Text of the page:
marketing, Influence: The
Psychology of Persuasion.
Sales is NOT a Dirty Word!!
• It’s simple really.
• You want to influence . . . That’s selling plain and
• Therefore . . . What are you selling?
– Time savings? Quality? Productivity? Authority? Answers?
– Certainly not ‘information’ . . . What is your differentiator?
• What action do you want?
• What are they paying with?
– Cash Money? budget? time? reputation? Risk avoidance?
What is the one thing we do
wrong too often?
We don’t . . .
START WITH THE “WHY?”
Influence out of context is just a party conversation.
1. Promote vs. defend value-driven benefits
2. Knowledge is the bridge between information and action
3. Evolution, not revolution
4. The “suite” spot—appealing to decision-makers
5. The “L” word
Five Key Findings
Key Messages for the Professional to
Information professionals are
accountable for gathering, organizing
and sharing the right information for
the best decisions. Information
professionals further create a culture
of knowledge sharing by educating
colleagues on the best use of
Through active global networking,
information professionals promote
the exchange of information,
innovative ideas, insights and
Key Messages for the Professional to Use
Information professionals ensure
organizations have the right
information, insights and trends to
make good decisions and gain
Information professionals save
organizations time and money by
providing value-added intelligence
that is accurate, reliable and
relevant. We deliver expert
information to our organizations in
a timely, accessible and convenient
Differences in the Private and Public Sector
Approaches to Benefits (FABS)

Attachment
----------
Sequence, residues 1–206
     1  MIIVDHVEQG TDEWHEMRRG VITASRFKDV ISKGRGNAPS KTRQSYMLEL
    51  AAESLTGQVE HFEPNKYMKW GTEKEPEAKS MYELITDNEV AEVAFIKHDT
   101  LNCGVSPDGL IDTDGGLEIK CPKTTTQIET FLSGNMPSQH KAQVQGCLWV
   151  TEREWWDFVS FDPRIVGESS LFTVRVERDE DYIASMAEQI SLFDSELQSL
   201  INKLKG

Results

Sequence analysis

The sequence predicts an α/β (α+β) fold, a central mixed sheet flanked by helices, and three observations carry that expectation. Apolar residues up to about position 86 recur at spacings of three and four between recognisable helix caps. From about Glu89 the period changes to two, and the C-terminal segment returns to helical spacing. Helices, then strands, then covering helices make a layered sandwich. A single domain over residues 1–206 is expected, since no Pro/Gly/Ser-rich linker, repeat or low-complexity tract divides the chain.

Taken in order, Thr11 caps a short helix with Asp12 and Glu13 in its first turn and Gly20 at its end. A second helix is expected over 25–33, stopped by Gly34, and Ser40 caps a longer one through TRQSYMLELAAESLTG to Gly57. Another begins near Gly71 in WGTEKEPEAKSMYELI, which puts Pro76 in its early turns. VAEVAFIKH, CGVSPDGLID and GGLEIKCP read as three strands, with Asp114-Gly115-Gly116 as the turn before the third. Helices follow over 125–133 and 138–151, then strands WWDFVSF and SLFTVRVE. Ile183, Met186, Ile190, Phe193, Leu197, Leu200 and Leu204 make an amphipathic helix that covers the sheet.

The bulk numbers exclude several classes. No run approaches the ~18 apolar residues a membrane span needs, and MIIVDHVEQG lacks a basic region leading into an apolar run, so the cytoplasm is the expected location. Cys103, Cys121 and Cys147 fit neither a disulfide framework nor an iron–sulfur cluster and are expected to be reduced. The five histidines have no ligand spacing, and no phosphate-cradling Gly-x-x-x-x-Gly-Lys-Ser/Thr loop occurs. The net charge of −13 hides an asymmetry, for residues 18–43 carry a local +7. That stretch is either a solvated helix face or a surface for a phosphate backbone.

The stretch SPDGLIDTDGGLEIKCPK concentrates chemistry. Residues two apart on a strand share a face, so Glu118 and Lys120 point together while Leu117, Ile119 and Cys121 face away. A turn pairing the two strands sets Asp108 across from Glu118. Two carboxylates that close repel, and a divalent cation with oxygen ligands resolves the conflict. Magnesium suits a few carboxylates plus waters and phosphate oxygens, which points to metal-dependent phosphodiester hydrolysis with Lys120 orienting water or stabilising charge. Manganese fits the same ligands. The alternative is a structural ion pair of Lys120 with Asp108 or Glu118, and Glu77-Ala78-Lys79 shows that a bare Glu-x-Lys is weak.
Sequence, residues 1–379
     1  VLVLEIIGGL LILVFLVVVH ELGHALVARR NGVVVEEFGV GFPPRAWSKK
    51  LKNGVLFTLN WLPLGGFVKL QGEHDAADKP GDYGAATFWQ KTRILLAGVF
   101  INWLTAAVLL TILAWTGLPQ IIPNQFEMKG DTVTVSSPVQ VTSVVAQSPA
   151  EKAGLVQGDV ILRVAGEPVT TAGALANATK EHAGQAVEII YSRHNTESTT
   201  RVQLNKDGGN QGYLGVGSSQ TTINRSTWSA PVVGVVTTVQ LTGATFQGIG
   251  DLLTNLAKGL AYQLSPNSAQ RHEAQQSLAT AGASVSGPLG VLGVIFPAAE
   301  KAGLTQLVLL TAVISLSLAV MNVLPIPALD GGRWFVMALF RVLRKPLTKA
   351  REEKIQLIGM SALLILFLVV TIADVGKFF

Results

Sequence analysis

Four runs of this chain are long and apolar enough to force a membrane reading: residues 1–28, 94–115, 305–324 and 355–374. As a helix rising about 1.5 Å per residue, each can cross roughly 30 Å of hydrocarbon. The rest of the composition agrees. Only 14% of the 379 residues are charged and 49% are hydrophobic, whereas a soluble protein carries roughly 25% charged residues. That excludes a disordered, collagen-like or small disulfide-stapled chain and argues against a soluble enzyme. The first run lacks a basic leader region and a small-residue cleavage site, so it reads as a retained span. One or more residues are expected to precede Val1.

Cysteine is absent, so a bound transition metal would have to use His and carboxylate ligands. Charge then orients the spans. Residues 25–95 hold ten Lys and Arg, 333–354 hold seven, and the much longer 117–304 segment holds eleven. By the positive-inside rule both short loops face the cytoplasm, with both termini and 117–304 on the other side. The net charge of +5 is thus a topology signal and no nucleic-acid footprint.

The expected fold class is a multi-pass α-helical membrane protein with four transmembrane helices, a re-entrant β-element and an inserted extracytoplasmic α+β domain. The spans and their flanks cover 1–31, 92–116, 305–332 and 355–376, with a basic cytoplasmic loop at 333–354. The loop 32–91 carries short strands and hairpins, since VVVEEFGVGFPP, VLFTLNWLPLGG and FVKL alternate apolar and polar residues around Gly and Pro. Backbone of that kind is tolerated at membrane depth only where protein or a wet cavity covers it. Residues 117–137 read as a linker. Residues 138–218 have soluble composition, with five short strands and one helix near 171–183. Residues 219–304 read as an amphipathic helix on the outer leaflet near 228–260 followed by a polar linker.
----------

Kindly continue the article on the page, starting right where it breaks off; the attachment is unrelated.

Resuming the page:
Competitive advantage is the ideal
Innovation is key to long-term existence
Focus on clients and marketshare
Responsibility to shareholders or
Economic success is a prime personal
Competitors, partners and allies
e-Business is the challenge
Focus on “results”
Collaborative advantage is the ideal
Good service is the key to long-term
Focus on citizens and social contract
Political agendas and government
Responsibility to parliament and to
Wise use of tax dollars
Making a positive impact on society is a
Other departments, levels of government,
e-Government is the challenge
Focus on “process”
You are engaging in an INFLUENCE
Selling is not a dirty word!
Politics is not a dirty word!
You are engaging in a long term relationship!
Invest your personality
Position Yourself and not merely your resources . . .
• What are you all about?
• How do people recognize you?
• How do you make a difference?
• How do you get the word out?
• How do you ultimately profit?
YOUR COMPETENCIES – NOT JUST YOUR SKILLS
YOUR INSIGHTS AND ADVICE
YOUR NETWORK AND CONNECTIONS
What are you selling?
4 P’s of Personal Influence
Vendor: Partner or Foe?
Working the tradeshow
Relationships and Negotiating with
(Vendors are people too…..really….)
Conducting yourself with Vendors – the do’s and
• Don’t forget your colleagues are vendors
• Don’t forget you are a professional
• Don’t use the grapevine and discussion lists for
gossip – ask them the difficult questions
• Do treat vendors like professionals (and yourself too)
• Do use your vendors for the information you need